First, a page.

When I analyzed the Wyden-Paul Section 702 reform bill, I noted language that suggested Wyden was concerned about the government using the secrecy of FISA Court proceedings to demand technical assistance from providers they otherwise couldn’t get. Wyden’s bill makes it clear he’s concerned that the government would (or is) making technical demands without even telling the FISC it is doing so. His bill would explicitly require review of any technical demands by the court.
(B) LIMITATIONS.—The Attorney General or the Director of National Intelligence may not request assistance from an electronic communication service provider under subparagraph (A) without demonstrating, to the satisfaction of the Court, that the assistance sought—
(i) is necessary;
(ii) is narrowly tailored to the surveillance at issue; and
(iii) would not pose an undue burden on the electronic communication service provider or its customers who are not an intended target of the surveillance.
(C) COMPLIANCE.—An electronic communication service provider is not obligated to comply with a directive to provide assistance under this paragraph unless
(i) such assistance is a manner or method that has been explicitly approved by the Court; and
(ii) the Court issues an order, which has been delivered to the provider, explicitly describing the assistance to be furnished by the provider that has been approved by the Court.
I suggested the most likely use of such a “technical assistance” demand would be requiring a company (cough, Apple) to back door its encryption.
The most obvious such application would involve asking Apple to back door its iPhone encryption.
As a reminder, national security requests to Apple doubled in the second half of last year.
The number of national security orders issued to Apple by US law enforcement doubled to about 6,000 in the second half of 2016, compared with the first half of the year, Apple disclosed in its biannual transparency report. Those requests included orders received under the Foreign Intelligence Surveillance Act, as well as national security letters, the latter of which are issued by the FBI and don’t require a judge’s sign-off.
We would expect such a jump if the government were making a slew of new requests of Apple related to breaking encryption on their phones.
In his statement on the bill, Wyden made it clear that that’s precisely what he is concerned about.
It leaves in place current statutory authority to compel companies to provide assistance, potentially opening the door to government mandated de-encryption without FISA Court oversight. [my emphasis]
And note: he is saying that the government will (that is, has already, most likely) done this without asking the FISC to review whether its technical demands are narrowly tailored and necessary.
Update: This post has been updated in response to comments to clarify that Wyden is not concerned about technical demands per se, but about technical demands with no FISC review.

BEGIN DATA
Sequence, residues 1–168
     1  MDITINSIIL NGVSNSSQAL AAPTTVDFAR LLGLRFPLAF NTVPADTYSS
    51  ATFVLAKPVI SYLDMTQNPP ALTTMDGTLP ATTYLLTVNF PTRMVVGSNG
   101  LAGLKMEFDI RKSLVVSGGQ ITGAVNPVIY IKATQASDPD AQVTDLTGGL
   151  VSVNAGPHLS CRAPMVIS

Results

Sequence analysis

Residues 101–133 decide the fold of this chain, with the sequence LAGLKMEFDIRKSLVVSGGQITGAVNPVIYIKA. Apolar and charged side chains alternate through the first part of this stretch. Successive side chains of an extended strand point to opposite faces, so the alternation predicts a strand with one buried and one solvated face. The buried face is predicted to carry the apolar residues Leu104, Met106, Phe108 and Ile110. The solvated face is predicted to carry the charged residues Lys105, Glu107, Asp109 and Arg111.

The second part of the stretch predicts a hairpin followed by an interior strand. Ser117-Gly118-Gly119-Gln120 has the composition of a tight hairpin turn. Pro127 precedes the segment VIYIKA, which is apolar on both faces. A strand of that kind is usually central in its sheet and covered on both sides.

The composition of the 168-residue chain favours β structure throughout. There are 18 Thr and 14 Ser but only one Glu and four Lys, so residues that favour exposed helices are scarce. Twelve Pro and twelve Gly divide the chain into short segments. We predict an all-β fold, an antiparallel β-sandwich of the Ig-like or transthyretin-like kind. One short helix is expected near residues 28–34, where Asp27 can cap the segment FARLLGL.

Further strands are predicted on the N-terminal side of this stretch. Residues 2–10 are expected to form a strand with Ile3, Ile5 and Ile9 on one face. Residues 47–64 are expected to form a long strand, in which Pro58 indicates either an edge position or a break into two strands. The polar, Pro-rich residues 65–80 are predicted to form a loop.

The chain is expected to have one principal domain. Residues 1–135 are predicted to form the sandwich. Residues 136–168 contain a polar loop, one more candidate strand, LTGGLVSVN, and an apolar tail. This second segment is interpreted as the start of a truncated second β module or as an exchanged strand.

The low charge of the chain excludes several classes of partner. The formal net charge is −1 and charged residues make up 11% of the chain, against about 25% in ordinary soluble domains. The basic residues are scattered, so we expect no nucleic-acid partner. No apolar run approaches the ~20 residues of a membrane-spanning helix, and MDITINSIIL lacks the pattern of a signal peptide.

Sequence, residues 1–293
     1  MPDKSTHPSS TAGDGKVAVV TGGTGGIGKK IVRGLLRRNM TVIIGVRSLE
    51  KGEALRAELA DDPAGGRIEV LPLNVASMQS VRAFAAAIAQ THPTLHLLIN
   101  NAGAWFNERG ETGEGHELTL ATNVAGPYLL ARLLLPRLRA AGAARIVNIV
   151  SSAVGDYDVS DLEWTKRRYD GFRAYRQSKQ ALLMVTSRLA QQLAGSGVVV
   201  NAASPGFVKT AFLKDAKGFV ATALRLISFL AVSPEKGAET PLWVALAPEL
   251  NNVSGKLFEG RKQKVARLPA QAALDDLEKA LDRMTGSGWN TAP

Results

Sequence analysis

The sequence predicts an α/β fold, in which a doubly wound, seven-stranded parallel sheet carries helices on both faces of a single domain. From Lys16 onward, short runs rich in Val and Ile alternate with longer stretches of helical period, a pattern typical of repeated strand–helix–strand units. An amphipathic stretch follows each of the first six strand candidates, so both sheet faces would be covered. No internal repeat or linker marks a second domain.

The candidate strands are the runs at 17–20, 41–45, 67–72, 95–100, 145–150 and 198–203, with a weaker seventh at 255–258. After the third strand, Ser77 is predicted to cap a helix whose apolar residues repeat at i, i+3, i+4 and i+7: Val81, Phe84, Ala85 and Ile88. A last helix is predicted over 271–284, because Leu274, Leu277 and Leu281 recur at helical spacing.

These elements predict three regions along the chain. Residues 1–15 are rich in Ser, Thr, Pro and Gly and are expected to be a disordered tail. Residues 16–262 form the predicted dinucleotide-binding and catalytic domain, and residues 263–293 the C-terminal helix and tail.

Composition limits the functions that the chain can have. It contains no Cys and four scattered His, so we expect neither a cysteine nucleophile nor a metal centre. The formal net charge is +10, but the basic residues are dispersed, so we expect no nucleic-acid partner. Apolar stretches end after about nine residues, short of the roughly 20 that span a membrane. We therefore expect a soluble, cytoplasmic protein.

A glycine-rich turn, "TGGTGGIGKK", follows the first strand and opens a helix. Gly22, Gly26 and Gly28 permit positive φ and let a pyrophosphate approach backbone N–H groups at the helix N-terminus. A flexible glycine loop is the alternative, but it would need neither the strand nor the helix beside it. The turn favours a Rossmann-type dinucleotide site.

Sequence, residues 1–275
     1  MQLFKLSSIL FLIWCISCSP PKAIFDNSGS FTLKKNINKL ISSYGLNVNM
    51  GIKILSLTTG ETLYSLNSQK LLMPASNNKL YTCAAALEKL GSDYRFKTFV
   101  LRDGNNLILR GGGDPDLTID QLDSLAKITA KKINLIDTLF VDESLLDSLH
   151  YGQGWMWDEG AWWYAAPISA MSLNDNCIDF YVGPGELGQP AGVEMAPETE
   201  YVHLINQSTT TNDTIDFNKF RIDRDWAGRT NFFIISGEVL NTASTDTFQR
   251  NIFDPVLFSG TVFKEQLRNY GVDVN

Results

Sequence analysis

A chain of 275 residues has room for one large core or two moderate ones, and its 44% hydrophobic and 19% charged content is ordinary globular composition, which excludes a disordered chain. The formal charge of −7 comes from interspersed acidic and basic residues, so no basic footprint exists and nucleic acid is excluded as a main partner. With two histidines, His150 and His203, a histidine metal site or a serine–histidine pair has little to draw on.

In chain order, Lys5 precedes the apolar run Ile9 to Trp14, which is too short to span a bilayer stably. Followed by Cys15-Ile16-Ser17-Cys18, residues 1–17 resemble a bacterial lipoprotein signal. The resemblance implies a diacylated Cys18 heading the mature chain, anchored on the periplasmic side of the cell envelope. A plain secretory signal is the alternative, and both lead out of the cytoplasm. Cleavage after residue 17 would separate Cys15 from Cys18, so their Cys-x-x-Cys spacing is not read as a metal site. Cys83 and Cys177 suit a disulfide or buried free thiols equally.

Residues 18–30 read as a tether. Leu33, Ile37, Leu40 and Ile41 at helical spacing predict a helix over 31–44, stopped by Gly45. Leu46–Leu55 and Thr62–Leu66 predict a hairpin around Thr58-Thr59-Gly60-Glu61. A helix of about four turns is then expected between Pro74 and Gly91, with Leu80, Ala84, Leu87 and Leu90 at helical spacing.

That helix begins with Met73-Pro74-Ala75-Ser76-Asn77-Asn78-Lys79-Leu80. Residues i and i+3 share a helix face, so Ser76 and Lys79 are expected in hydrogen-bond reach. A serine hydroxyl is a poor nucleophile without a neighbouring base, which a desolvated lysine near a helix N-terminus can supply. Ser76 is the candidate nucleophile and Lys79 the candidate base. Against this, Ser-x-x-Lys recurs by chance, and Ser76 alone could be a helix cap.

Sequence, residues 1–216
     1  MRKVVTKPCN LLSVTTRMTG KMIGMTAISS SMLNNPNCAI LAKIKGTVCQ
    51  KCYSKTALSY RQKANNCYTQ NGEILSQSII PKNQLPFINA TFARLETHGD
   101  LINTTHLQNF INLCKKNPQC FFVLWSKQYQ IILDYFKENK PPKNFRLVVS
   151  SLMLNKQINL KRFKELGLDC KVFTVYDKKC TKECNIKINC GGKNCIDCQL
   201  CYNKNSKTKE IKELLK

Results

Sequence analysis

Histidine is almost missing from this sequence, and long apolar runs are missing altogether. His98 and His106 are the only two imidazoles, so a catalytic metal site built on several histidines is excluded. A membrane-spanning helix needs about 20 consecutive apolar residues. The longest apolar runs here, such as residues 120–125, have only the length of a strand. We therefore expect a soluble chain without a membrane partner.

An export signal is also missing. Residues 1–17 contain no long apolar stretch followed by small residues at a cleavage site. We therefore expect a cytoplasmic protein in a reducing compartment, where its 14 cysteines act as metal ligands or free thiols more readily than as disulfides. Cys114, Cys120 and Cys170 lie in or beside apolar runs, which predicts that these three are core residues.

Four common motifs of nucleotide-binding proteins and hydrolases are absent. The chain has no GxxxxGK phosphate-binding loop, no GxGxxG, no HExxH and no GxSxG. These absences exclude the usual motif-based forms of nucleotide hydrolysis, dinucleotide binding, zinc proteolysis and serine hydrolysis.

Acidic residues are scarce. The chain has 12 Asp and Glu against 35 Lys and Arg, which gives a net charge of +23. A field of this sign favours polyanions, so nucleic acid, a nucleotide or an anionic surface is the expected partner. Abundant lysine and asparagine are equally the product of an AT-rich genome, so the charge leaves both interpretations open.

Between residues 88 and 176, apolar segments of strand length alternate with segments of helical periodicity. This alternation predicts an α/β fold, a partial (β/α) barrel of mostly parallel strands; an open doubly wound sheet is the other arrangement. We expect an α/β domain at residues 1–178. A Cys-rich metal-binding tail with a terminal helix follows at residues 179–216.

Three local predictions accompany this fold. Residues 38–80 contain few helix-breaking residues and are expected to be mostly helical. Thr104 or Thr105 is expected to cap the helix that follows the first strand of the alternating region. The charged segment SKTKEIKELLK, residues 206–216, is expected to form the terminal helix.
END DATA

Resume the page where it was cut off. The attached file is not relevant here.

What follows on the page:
Update: One more point to make clear: for “individual” orders, the court will review every facility, which will involve some review of what kinds of access the government will get (such as when, in 2015, the government ordered Yahoo to scan all its users for some kind of signature).
But under 702, the “assistance” language that the government could use to obligate back doors (or whatever else) is not tied to anything the court reviews. Annual certifications have to affirm that the collection requires domestic provider assistance (but does not require a description of what that assistance entails).
vi) the acquisition involves obtaining foreign intelligence information from or with the assistance of an electronic communication service provider; and
But then once that certificate is signed, the government can work at the level of directives, demanding, compensating, and indemnifying the provider for that assistance all without any court review.
(h) Directives and judicial review of directives
(1) Authority: With respect to an acquisition authorized under subsection (a), the Attorney General and the Director of National Intelligence may direct, in writing, an electronic communication service provider to—
(A) immediately provide the Government with all information, facilities, or assistance necessary to accomplish the acquisition in a manner that will protect the secrecy of the acquisition and produce a minimum of interference with the services that such electronic communication service provider is providing to the target of the acquisition; and
(B) maintain under security procedures approved by the Attorney General and the Director of National Intelligence any records concerning the acquisition or the aid furnished that such electronic communication service provider wishes to maintain.
The Government shall compensate, at the prevailing rate, an electronic communication service provider for providing information, facilities, or assistance in accordance with a directive issued pursuant to paragraph (1).
(3) Release from liability
No cause of action shall lie in any court against any electronic communication service provider for providing any information, facilities, or assistance in accordance with a directive issued pursuant to paragraph (1).
That’s why the risk is that much greater for 702: because the court is never going to review the individual directives which is where the specific technical assistance gets laid out (unless a provider is permitted to challenge those directives).